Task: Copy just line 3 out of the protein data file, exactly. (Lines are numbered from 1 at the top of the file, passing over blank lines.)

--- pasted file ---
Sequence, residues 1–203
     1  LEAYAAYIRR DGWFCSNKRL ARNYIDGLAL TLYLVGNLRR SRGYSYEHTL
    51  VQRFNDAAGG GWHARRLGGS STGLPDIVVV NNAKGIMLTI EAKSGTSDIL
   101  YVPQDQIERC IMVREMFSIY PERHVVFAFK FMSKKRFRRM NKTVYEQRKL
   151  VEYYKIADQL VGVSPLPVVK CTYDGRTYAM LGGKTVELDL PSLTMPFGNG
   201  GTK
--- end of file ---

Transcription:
    51  VQRFNDAAGG GWHARRLGGS STGLPDIVVV NNAKGIMLTI EAKSGTSDIL